BUSINESSES are now waking up to the fact that at least a quarter of employees are mixing business with pleasure at work. In other words, an increasing number of employees are choosing to log on to their favourite web sites or tune in to their ipods while at their desks. No problem, you might say, as long as the work gets done, but researchers are now saying that tuning out of the office environment has created a new phenomenon dubbed ‘office isolationism.’
An interesting area of research for the ad gurus you might think, but the study into staff ‘down time’ has also proven that zoning out in office hours can affect concentration and productivity, and even drive a wedge between older and younger members of staff. So much so that more than 30 per cent of firms have now officially banned MP3 players in the office, and also put stringent checks on personal Internet usage by employees.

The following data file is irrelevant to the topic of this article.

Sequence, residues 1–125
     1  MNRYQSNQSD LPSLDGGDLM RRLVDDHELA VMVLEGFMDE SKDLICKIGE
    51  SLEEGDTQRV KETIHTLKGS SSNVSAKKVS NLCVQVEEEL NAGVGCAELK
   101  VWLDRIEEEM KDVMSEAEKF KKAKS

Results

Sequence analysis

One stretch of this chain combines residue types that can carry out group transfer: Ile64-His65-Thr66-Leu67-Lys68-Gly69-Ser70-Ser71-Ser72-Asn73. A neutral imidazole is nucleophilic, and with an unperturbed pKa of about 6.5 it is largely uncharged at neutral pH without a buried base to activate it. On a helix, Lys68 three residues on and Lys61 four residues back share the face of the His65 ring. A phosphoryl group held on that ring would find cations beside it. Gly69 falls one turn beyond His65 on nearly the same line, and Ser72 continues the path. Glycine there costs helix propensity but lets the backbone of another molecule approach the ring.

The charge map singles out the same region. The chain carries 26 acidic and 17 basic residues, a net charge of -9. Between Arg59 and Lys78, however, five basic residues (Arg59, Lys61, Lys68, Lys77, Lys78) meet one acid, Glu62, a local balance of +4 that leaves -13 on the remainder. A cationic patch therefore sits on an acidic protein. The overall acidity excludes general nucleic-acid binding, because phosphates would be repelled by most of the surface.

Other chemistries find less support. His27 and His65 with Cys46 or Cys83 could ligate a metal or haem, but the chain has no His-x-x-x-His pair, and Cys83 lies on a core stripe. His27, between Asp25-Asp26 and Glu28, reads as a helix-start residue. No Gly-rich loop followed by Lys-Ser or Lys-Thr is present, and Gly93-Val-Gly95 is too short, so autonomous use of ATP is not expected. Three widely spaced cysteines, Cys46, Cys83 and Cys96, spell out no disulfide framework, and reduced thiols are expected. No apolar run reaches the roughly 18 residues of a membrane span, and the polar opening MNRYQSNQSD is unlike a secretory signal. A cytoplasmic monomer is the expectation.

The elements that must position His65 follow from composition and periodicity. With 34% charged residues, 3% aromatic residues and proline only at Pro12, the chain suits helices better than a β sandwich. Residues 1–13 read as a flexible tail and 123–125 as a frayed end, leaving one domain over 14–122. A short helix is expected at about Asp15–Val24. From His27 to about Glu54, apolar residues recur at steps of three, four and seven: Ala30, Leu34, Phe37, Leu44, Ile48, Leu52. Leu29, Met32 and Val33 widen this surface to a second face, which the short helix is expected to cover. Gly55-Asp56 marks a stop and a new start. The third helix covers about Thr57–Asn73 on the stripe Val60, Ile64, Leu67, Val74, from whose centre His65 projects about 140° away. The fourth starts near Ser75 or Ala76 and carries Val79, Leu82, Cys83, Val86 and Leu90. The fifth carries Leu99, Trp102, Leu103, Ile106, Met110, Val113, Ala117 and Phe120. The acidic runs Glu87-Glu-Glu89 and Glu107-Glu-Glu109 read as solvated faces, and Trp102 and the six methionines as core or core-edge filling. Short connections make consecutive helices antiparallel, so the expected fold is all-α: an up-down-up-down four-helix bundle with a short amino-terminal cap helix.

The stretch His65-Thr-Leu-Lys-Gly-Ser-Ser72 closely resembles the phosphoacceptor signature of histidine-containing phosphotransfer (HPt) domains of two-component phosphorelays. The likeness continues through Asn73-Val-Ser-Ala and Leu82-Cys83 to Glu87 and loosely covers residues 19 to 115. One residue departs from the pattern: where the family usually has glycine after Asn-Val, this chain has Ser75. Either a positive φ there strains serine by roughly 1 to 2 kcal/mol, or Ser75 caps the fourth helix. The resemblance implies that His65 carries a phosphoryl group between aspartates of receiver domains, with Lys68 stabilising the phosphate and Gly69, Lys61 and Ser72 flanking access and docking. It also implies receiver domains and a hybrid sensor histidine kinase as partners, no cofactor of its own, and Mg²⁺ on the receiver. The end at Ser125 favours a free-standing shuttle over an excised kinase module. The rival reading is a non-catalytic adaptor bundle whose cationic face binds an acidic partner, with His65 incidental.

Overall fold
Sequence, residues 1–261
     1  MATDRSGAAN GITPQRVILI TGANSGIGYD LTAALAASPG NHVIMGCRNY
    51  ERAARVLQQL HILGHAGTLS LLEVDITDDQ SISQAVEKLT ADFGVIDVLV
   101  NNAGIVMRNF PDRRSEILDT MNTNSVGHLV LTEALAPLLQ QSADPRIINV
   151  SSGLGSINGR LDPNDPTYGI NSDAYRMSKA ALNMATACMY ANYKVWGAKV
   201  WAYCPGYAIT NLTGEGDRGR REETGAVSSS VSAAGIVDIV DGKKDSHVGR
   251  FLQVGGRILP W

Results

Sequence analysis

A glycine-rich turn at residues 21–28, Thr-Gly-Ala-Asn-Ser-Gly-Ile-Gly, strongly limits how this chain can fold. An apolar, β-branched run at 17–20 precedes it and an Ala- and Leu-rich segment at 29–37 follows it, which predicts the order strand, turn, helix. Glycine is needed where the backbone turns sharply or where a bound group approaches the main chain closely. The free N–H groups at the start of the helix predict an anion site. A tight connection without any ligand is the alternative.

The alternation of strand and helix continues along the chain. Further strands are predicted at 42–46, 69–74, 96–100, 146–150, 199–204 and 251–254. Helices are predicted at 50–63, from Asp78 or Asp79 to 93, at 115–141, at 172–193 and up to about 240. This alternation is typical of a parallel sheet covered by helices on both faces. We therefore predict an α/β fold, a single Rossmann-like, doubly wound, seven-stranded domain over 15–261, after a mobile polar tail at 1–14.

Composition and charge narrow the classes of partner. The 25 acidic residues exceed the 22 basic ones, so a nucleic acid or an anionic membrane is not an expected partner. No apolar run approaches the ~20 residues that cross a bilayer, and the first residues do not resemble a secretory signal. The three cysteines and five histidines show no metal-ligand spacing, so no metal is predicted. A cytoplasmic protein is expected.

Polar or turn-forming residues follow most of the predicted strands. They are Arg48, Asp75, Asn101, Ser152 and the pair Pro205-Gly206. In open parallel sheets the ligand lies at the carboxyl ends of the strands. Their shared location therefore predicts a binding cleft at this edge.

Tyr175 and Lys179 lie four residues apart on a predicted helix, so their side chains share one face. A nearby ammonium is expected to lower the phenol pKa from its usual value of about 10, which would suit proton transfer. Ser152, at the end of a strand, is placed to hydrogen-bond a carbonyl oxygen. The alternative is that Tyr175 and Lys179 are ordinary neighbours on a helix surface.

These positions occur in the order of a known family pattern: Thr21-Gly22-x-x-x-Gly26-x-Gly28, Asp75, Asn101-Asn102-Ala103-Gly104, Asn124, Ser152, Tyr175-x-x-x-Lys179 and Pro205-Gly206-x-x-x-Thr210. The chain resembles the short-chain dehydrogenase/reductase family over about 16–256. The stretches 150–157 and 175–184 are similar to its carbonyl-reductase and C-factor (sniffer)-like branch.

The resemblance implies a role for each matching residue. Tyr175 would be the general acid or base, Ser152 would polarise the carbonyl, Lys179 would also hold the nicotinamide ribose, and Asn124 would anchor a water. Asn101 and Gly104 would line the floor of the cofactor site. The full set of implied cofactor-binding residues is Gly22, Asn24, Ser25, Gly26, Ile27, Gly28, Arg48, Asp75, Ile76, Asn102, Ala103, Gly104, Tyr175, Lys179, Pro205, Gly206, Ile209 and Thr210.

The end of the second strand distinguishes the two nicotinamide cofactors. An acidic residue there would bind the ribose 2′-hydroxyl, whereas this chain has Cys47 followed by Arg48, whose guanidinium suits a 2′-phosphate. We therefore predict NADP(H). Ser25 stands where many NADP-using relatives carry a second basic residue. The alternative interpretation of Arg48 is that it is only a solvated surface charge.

Some companies have also started blocking dating sites, gaming sites and instant messaging services, fearing that such activities are sapping office bandwidth and causing staff to be ‘isolated’ from the cut and thrust of the office.
The reasoning behind the move is that such activity leads to slacking and can even cut employees off from each other, resulting in the so-called office isolation theory.
But the survey also paradoxically found that people with web access at home and at work spend an average of 3.7 hours per week surfing sites for personal use at work, but that they spend more time, 5.9 hours per week, logging on from home so they can work.
This and other research suggests that companies should accept some personal use of the internet at work as not only inevitable, but as positive to the organisation. Totally segregating work from personal activities might result in a net decline in work performed, not to mention lower workplace morale…
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